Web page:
OverviewRamshorn Peak is located in the Gallatin Range of Southwestern Montana. While not particularly high in elevation, it's location makes it fairly prominent. Ramshorn is the tallest peak along the crest of the Gallatin Range between Electric Peak and Hyalite Peak. For those unfamiliar with the topography of the area, that is quite a distance. So while Ramshorn is overshadowed by the Absaroka's to the east and the Madison Range to the west, it stands out in its own right above beautiful Tom Miner Basin. Ramshorn is also easily visible from Lone Peak and thus seen by thousands of skiers at Big Sky each year.
While Ramshorn is an easy trail hike, the view from the summit makes it a very attractive destination. The view encompasses many notable features such the Spanish Peaks, Lone Mountain, The Sphinx, The Taylor-Hilgard area, Electric Peak and Mount Cowen. On clear days, one can even see the spires of Pilot and Index Peaks in far northwestern Wyoming. Another unique feature of Ramshorn is its location within the Gallatin Petrified Forest.
Finally, I want to recommend the book "Select Peaks of Greater Yellowstone" by Tom Turiano to anyone interested in peakbagging in area. Not only does it provide route details, it tells of the geological and human history of these mountains. I attached a link to the website at the bottom of the page.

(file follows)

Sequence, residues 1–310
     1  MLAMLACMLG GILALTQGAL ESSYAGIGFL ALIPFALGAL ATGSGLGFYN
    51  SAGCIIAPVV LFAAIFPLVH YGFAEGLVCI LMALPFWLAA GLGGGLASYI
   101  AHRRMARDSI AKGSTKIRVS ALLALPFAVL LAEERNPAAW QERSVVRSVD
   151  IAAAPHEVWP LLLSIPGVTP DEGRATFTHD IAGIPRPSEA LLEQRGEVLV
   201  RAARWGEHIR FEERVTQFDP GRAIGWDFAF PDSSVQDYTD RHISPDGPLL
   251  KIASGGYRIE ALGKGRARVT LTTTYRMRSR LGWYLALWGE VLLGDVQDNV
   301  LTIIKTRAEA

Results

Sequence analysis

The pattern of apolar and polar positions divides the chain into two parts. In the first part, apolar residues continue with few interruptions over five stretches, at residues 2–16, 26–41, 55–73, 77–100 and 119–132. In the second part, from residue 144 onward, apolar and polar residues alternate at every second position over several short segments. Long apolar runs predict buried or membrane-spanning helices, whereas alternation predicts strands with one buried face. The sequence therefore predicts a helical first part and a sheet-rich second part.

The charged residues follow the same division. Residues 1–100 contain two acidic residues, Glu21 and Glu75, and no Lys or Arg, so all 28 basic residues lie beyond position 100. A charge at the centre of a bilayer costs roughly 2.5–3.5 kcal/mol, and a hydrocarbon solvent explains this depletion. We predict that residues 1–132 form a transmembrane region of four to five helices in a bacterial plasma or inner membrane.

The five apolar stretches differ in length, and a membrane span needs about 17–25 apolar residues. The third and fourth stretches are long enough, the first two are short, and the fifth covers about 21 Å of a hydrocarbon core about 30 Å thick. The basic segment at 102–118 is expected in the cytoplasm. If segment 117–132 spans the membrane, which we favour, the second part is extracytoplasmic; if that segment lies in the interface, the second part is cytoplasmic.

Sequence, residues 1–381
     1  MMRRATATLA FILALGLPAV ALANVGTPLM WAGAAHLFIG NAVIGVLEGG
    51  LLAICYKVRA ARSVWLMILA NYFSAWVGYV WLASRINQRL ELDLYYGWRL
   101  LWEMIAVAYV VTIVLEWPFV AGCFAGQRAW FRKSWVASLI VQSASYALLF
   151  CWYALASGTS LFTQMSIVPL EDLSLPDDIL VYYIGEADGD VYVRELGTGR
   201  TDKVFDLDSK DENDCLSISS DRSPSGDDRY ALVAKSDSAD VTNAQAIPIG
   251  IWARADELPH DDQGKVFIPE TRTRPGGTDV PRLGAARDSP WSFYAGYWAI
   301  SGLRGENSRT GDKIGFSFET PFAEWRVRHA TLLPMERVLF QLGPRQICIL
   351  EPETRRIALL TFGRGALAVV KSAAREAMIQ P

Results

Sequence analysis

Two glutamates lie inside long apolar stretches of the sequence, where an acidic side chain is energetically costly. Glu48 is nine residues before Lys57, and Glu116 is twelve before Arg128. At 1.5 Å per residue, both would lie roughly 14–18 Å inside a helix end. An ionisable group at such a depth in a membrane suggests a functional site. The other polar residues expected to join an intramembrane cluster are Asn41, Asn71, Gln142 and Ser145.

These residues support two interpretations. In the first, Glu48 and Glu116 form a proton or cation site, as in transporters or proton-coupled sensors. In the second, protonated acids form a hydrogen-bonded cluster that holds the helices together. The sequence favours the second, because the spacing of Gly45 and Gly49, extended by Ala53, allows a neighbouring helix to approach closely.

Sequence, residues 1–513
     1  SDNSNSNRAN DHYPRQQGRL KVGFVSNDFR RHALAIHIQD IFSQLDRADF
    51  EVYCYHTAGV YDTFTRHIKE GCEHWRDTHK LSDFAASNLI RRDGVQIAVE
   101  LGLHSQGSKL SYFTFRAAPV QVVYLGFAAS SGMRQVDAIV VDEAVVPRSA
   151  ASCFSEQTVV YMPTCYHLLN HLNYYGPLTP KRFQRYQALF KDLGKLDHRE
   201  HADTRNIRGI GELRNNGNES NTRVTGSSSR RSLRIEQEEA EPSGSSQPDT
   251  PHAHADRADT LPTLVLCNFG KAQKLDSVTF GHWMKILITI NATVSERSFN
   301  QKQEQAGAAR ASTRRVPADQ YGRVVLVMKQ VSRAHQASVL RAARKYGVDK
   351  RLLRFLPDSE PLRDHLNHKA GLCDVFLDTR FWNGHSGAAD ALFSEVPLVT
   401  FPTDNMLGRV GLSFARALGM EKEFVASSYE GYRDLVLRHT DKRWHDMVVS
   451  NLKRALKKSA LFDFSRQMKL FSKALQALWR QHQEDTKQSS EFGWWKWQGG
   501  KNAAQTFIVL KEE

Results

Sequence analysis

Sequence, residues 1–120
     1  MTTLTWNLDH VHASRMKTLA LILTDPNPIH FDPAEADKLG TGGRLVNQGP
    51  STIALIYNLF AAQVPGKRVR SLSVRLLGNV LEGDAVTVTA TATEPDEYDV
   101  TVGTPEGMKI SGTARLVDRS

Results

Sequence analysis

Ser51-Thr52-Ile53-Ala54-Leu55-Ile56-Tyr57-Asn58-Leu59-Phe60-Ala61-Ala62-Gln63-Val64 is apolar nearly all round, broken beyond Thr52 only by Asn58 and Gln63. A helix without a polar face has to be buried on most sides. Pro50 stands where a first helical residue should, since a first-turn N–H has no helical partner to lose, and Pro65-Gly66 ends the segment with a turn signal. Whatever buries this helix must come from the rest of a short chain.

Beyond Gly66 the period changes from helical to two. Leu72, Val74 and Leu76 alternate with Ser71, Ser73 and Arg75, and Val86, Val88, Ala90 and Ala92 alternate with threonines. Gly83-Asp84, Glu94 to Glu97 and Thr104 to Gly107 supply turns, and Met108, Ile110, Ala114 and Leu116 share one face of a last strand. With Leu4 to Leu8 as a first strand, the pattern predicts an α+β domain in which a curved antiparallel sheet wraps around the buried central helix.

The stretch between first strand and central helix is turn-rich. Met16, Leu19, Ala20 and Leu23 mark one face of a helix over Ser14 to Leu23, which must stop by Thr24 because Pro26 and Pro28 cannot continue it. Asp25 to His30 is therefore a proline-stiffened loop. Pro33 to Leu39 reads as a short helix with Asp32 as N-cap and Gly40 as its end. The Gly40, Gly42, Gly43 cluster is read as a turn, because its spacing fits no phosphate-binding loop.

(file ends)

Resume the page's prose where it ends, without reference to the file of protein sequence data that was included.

Getting ThereThe shortest route up Ramshorn Peak consists of hiking to Buffalo Horn Pass via Trail Creek. The trailhead is located at Tom Miner Campground. To reach the campground, turn west off of Highway 89 onto Tom Miner Creek Road. This signed junction is approx. 37 miles south of Livingston, MT and 16 miles north of Gardiner, MT. This gravel road quickly crosses the Yellowstone River and comes to a T intersection. Make a left and follow the signs approx. 10 miles to the campground. The trailhead is at the back of the campground and signed "Petrified Forest Interpretive Trail".
Red TapeNone. Ramshorn Peak is located in the Hyalite-Porcupine-Buffalo Horn Wilderness Study Area. Since it is not a "real" wilderness area, motorized vehicles are allowed on some trails. Other than that, standard USFS rules apply. This is bear country, so proper food storage is required.
CampingCamping is available at the trailhead in the Forest Service's Tom Miner Campground. I believe the cost is $6 per night.
External LinksGallatin National Forest Homepage
Tom Turiano's Website